This is a graph found on the first page of “This Week in Earnings” from Refinitiv, and it shows the Q2 ’20 bottom-up quarterly estimate bottoming on July 10, and moving sharply higher since. They say a picture is worth a thousand words, well, that’s a good picture of what Q2 ’20 earnings look like.
Here is the same data from a y/y growth perspective:
Note the improvements in the following sectors (by alphabetical order):
- : Amazon (NASDAQ:) and Tesla (NASDAQ:) surely helped the improvement from July 1 ’20;
- Consumer Staples: PG’s great quarter helped no doubt. Procter & Gamble (NYSE:), Pepsi (NASDAQ:), Coca-Cola (NYSE:), and Walmart (NYSE:) are almost 50% of the Consumer Staples ETF (NYSE:).
- : Note Health Care’s improvement from July 1 through August 7th. That’s -15.1% expected on July 1 to today’s actual / expected growth rate of +5.6%.
- : No surprise here but Tech’s 1,000 bp swing in expected EPS growth was still less than Health Care’s 2000 bp swing.
These 4 sectors comprise 60.4% of the S&P 500 market cap:
- Technology: 28%
- Cons Disc: 11.2%
- Cons Spls: 6.9%
- Health Care: 14.3%
Here’s a look at the usual S&P 500 earnings metrics:
- The forward 4-qtr estimate rose again to $145.92 for the 6th week in a row
- The PE is 23x that forward estimate
- The “average” growth rate of both 2020 and 2021 expected S&P 500 earnings is still 4% for the 17th week in a row
- Here is one aspect to the data that worries me:
The 2020 and 2021 “annual” S&P 500 EPS estimates are within $0.01- $0.02 of their June 30 values even though the Q2 ’20 quarterly estimates have improved considerably for some sectors.
Even the 2022 S&P 500 annual EPS estimate has only changed by $0.09 since June 30th.
By comparison, here is how the S&P 500 Q2 ’20 quarterly bottom-up estimate has changed over the last 5-6 weeks:
- 8/7/20: $27.08
- 7/24/20: $23.60
- 7/17/20: $23.02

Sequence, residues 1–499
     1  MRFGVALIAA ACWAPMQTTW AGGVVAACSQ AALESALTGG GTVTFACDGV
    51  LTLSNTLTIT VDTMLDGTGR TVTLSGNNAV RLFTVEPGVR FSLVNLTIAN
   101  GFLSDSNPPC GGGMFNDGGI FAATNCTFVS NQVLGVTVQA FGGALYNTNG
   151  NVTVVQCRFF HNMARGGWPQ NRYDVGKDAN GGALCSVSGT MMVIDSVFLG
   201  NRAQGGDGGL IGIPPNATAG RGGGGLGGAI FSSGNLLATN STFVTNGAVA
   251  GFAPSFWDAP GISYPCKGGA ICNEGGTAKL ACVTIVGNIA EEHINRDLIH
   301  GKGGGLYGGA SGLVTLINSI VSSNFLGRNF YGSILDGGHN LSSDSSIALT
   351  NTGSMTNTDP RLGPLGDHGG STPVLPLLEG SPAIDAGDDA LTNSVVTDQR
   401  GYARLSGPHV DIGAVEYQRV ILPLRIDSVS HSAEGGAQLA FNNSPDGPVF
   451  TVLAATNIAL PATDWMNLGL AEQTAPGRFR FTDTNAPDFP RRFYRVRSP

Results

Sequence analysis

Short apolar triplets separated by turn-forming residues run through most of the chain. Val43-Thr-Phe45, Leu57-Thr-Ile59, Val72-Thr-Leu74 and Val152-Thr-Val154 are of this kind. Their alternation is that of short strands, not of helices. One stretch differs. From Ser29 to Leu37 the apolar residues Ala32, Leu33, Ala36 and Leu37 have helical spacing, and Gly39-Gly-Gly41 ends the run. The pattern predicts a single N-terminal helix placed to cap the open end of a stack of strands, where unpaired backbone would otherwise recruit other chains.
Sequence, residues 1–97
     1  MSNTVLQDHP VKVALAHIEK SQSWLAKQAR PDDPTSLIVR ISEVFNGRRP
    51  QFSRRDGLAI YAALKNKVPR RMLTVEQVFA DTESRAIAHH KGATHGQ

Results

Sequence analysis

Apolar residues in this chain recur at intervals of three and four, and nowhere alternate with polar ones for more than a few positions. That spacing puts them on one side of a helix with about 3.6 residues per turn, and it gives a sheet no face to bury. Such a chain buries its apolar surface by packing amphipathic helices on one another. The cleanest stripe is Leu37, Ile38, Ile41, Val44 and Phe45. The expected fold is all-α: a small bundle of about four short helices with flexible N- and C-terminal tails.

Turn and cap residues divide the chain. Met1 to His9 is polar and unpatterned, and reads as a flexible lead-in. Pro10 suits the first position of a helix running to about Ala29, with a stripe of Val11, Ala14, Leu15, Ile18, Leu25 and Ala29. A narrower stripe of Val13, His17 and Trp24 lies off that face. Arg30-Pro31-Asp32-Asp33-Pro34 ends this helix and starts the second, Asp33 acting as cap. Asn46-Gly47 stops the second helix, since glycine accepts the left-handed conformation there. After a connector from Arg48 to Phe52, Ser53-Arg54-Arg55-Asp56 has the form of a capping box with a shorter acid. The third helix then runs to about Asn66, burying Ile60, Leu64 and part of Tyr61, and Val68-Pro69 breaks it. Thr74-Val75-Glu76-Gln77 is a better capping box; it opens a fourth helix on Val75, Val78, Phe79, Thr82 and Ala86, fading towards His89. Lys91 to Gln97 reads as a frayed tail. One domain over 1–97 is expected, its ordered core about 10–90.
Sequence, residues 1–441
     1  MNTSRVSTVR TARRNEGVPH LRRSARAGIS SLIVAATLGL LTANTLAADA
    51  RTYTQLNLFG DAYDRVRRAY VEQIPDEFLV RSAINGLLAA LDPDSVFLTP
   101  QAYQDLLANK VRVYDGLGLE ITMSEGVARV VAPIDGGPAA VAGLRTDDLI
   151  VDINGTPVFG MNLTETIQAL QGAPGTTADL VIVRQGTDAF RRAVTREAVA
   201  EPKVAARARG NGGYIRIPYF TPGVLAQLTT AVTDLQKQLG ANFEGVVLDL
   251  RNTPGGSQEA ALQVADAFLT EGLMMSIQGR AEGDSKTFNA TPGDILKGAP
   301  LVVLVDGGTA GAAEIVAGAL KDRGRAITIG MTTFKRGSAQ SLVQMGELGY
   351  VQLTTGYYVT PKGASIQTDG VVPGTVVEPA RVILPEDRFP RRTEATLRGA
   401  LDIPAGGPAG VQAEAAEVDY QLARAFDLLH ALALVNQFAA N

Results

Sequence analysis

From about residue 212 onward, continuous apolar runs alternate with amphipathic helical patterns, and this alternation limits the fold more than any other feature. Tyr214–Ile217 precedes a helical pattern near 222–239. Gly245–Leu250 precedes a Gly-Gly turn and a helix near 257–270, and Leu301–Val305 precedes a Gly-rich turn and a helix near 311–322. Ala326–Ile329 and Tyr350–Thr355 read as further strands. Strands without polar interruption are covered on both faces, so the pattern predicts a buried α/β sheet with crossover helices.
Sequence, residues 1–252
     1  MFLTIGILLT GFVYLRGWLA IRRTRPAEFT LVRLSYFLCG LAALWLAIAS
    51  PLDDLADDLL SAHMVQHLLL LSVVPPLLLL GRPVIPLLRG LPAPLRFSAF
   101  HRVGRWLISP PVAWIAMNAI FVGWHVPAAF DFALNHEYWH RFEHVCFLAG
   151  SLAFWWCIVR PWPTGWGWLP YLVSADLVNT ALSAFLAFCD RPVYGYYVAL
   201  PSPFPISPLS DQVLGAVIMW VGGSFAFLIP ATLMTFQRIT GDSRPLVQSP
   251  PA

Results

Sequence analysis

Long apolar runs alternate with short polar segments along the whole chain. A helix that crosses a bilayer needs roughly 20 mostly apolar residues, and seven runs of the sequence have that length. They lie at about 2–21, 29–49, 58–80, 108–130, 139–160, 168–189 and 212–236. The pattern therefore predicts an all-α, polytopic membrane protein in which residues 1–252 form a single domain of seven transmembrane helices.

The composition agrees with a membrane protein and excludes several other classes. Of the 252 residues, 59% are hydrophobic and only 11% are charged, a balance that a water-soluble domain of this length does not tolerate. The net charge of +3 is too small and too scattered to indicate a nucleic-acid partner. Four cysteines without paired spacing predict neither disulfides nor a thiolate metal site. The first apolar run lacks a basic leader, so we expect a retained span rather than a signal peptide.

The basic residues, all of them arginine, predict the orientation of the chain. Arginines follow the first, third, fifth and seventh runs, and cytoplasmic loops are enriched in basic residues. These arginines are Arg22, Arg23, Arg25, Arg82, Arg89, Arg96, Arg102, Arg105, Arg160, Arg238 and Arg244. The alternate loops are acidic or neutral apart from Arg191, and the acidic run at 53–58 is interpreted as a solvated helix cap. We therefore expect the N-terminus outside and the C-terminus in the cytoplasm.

- 7/10/20: $22.76
- 7/2/20: $23.16
- 6/30/20: $23.15
That’s a big change for a quarterly bottom-up estimate. What it could be telling us is that Street consensus isn’t changing for full-year numbers, until the sell-side consensus knows more, even though the 2nd quarter’s results – the worst in a decade – haven’t been nearly as bad as expected.
Geeky stuff, but it caught my eye.
The forward earnings curve:
This spreadsheet shows something similar to the above: note the sequential and 4-week change to the “non-annual” buckets of the forward S&P 500 earnings curve. The annual estimates aren’t changing; the non-annual buckets are showing far more dispersion.
Q3 and Q4 revenue and EPS growth rates:
Q3 And Q4 Revenue And EPS Growth Rates
What’s being watched or tracked week-to-week from this IBES data is the “expected” Q3 and Q4 revenue growth.
Note the steady improvement since the week of June 5th, ironically the week the S&P 500 peaked for a bit.
Summary / Conclusion: So what’s it all mean? It’s a safe bet the S&P 500 has outrun the expected, underlying earnings improvement of the benchmark, but that was being said in June too. The big question that seems to be on everyone’s mind is when does the inevitable rotation occur, and we do see upside in small and mid-caps, value sectors, and possibly some movement in the COVID-19 victims like airlines, energy and such. I do think you have to take each sector and asset class on its own.
It’s no mystery that individual mega-cap stocks are having a substantial impact on the performance of the indices.
To expect an 80% correction that hit the and the large-cap growth rotation in 2001 and 2002 might be a little extreme though.
As the economic data is showing, we could probably expect a slow, gradual improvement in S&P 500 earnings as we move through the rest of 2020. Expect for bad sentiment and good breadth, you’d have to think the S&P 500 would have to—at least—tread water for a few months to allow the S&P 500 earnings to catch up to prices.
Take everything you read here with substantial skepticism. Markets change quickly and in directions you don’t anticipate. The S&P 500 rose another 2% this past week.
S&P 500 earnings are still moving in the right direction.